NZ Year One. Day 3

I’ve been driving as long as I legally could in the States. On my 16th birthday I went to our local DMV, took the written and practical exams and took that first horrific ID photo. Since that day I have owned 12 different cars/SUVs, been in 3 accidents and lets not start on speeding tickets. My cars have had 8 track players, cassette players, DVD players and Bluetooth connections for MP3 and wireless streaming. My first car held a bag phone with the glow-in-the-dark keypad that you only had for emergencies. My latest car has hands-free text replies through my wireless phone using voice command. I have taken countless roadtrips, travelled across state to see family and commuted to work in my cars. Family trips, ski days, hiking 14ers…..all made possible via my cars. I enjoy driving and cars have been good to me.

I come from a long line of gear heads and race enthusiasts. I have several cousins that restore classic cars or own garages. I have several cousins that race, either drag or stock car. I spent weekends watching Nascar, Indy car or Rally car races (unless the Broncos were playing football, of course). We went to car shows to see my families restorations. And I married a car geek/Nascar fan as well. I like cars. Until recently, I really had no idea how crazy American drivers are.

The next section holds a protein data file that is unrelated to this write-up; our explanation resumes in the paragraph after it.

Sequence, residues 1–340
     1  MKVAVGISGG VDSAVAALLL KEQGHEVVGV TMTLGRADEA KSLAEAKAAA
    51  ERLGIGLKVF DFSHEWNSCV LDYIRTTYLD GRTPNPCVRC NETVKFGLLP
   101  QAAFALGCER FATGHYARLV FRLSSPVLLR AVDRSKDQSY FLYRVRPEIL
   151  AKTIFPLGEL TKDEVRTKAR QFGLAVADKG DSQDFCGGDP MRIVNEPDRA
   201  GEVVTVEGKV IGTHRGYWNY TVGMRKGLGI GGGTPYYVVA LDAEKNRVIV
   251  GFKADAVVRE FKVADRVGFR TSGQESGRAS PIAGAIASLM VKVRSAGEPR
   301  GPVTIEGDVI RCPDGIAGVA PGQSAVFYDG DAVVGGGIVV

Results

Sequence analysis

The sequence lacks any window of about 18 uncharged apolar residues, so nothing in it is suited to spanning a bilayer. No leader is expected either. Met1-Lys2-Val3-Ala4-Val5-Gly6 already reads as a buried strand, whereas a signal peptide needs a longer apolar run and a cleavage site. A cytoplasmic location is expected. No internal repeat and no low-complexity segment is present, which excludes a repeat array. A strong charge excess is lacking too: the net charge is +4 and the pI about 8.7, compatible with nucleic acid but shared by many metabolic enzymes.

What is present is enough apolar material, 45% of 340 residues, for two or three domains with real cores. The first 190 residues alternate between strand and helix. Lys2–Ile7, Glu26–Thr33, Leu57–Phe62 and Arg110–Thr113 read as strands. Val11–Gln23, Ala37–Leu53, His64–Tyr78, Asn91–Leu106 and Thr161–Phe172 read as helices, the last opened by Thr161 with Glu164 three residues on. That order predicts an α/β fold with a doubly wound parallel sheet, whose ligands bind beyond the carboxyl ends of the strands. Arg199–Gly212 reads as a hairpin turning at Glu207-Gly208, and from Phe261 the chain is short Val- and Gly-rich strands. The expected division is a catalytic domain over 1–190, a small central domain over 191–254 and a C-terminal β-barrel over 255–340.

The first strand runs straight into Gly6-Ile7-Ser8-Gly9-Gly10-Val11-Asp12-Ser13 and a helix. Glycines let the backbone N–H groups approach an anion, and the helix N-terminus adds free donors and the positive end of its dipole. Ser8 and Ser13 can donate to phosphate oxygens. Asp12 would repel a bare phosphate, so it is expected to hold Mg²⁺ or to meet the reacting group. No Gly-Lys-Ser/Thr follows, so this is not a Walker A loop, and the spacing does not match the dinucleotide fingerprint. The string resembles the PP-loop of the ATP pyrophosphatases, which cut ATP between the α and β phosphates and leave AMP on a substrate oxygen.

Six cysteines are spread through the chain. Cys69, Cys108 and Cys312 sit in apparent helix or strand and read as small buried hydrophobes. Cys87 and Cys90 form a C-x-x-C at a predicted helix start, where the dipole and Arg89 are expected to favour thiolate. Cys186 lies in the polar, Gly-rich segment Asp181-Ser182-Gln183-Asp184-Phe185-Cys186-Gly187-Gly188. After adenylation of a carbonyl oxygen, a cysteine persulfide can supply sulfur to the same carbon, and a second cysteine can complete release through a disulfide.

I know there are some that would disagree, but drivers in New Zealand are so much more civilized (generally) than in the US. I admit, I was disappointed by the low speed limits on the motorways (100 kph/62 mph) vs speeds I was used to on I-25 (75 mph/120 kph). And the tiny cars. And the expensive gas (currently at 1.80 NZD per litre or about 5 USD per gallon). However, we don’t drive nearly as much as we used to, there is little space for mid-size cars here and we don’t really use the motorways. We actually spend half what we used to monthly for gas now. And, we don’t spend half our day commuting separately anymore.